If you are searching for a new cooler, Yeti and Cabela’s produce some of the best options.
Yeti is considered one of the top manufacturers of coolers and outdoor drinkware accessories. However, Cabela’s is also a trusted brand and leading sporting goods supplier. Both companies produce great products, making it difficult to select the right cooler.
To compare Cabela’s coolers vs. Yeti coolers, I look at several key features needed in a quality cooler. I compared the quality of the material, insulation, the seal, and portability.
Choosing the Best Coolers to Compare
Both Cabela’s and Yeti produce a wide variety of coolers. There are dozens of options from Cabela’s and several great choices from Yeti. To make the comparison easier, I looked at the most popular cooler from each company.
The Tundra is the most popular model of Yeti coolers and comes in a variety of sizes. The quart capacity of the cooler is listed in the name, such as the Tundra 45 or Tundra 65. There is also a Tundra Haul, which features two large wheels for easier portability.
The Polar Cap Equalizer is the top Cabela’s cooler in the same price range as the Yeti. It even features a similar design and is available in several different sizes.
Related: Picking the Best Yeti Cooler
Material and Design of the Coolers
The Yeti Tundra is constructed from durable materials and designed to withstand the toughest abuse. However, Cabela’s makes the same claims for their coolers.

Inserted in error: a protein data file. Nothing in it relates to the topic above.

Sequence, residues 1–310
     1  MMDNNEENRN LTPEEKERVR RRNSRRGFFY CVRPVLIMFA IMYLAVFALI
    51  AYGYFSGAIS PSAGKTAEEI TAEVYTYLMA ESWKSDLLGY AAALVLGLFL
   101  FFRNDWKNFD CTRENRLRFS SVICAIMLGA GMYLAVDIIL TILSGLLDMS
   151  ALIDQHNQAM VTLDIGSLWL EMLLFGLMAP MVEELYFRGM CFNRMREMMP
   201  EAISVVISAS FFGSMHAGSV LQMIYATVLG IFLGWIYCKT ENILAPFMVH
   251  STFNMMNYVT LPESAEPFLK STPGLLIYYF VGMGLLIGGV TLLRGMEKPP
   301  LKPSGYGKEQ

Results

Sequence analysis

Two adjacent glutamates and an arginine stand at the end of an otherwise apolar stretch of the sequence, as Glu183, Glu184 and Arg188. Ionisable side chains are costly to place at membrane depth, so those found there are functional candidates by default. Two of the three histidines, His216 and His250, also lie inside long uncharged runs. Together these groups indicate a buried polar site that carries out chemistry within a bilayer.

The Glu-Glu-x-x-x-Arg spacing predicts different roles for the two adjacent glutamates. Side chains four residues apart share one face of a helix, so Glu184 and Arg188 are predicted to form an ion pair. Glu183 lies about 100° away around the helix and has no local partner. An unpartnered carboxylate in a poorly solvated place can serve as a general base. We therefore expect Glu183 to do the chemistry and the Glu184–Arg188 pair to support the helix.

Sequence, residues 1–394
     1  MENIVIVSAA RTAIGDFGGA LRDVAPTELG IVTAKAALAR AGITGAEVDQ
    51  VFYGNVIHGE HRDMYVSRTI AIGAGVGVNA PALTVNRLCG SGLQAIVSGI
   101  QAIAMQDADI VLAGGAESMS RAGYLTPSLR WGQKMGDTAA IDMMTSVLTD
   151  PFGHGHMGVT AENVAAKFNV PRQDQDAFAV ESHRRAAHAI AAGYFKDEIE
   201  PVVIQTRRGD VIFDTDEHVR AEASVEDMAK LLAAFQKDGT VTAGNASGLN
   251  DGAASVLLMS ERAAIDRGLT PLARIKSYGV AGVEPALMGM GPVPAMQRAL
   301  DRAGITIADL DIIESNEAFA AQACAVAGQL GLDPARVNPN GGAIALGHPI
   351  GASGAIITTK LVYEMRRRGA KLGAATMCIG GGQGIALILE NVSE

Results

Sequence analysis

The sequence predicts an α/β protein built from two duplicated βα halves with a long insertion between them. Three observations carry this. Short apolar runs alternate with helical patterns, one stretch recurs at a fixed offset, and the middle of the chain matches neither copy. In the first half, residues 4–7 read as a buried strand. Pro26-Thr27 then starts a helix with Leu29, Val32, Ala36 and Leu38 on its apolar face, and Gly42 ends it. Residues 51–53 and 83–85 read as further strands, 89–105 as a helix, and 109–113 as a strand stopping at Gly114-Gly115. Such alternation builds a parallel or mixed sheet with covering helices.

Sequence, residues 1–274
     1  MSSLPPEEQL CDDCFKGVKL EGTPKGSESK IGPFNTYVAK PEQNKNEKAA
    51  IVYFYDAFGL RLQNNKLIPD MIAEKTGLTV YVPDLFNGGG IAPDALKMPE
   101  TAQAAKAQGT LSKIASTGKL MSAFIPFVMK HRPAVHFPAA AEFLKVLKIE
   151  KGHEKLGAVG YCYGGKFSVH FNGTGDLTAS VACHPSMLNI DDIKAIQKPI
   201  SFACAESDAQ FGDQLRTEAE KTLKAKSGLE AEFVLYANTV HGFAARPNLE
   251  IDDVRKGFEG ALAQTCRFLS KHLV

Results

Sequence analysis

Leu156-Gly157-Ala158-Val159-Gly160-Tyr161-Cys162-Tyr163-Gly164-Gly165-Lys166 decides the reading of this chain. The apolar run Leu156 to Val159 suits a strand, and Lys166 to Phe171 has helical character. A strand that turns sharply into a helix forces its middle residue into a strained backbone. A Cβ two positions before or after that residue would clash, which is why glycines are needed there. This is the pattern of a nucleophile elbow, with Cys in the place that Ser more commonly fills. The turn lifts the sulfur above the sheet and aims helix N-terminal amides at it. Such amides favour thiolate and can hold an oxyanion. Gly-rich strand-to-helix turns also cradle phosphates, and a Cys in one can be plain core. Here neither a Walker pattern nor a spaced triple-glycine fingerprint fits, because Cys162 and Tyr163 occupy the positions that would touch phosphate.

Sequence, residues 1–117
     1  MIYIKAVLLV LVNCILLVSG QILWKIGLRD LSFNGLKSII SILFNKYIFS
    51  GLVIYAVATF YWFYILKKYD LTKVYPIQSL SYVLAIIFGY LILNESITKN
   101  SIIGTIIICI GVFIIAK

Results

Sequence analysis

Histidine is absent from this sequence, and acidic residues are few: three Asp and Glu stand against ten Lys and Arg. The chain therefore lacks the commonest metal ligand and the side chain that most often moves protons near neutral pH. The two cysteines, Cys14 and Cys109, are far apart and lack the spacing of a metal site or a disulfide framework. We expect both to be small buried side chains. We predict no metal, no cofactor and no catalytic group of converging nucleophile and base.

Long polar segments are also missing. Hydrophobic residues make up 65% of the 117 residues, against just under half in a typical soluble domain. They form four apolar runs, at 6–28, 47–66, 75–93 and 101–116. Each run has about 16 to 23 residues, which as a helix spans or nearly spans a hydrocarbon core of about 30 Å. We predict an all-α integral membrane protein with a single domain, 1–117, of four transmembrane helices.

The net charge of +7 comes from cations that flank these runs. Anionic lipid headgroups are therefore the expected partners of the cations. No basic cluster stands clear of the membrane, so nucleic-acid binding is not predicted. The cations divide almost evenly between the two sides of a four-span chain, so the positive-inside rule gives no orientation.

Cabela’s even claims that their coolers are bear-proof. While I have not tested this, I do believe that the solid molded plastic design could keep a large bear or any other animal from getting inside.
I feel that both products offer quality designs that should protect the contents of the cooler in any conditions. Both coolers also include molded-in hinges with a single pin to ensure that the hinges never break. The only major differences in design are related to the handles and latches.
Cabela’s Coolers Are Easier to Handle
The handles on the Yeti coolers are recessed into the sides. You grip the sides of the cooler and reach your fingers under the lip. If I am in a cold environment and wearing thick gloves, the handles are difficult to grip.
With the Cabela’s Polar Cap coolers, there are large handles extending from the sides of the cooler. Each handle has a cutout, providing a larger area to grip. Overall, Cabela’s has a slightly superior handle design.
The latches are also different. Both the Yeti and Cabela’s coolers feature tough rubber latches that are easy to open and close. However, the latches on the Cabela’s coolers are a lot wider and thicker. While the latches on the Yeti coolers may never break, the Cabela’s latches seem even tougher.
Yeti Coolers Offer More Insulation
The Yeti Tundra and the Polar Cap Equalizer both feature quality seals and thick insulation for keeping your food and beverages cool. With either option, you get a freezer-grade gasket for an airtight seal.
The Cabela’s coolers have a slight edge when it comes to the overall design of the coolers. However, Yeti provides better insulation. While it is hard to determine exactly how much insulation is blown into the molded plastic of the Cabela’s coolers, the Yeti includes two inches of commercial-grade polyurethane foam.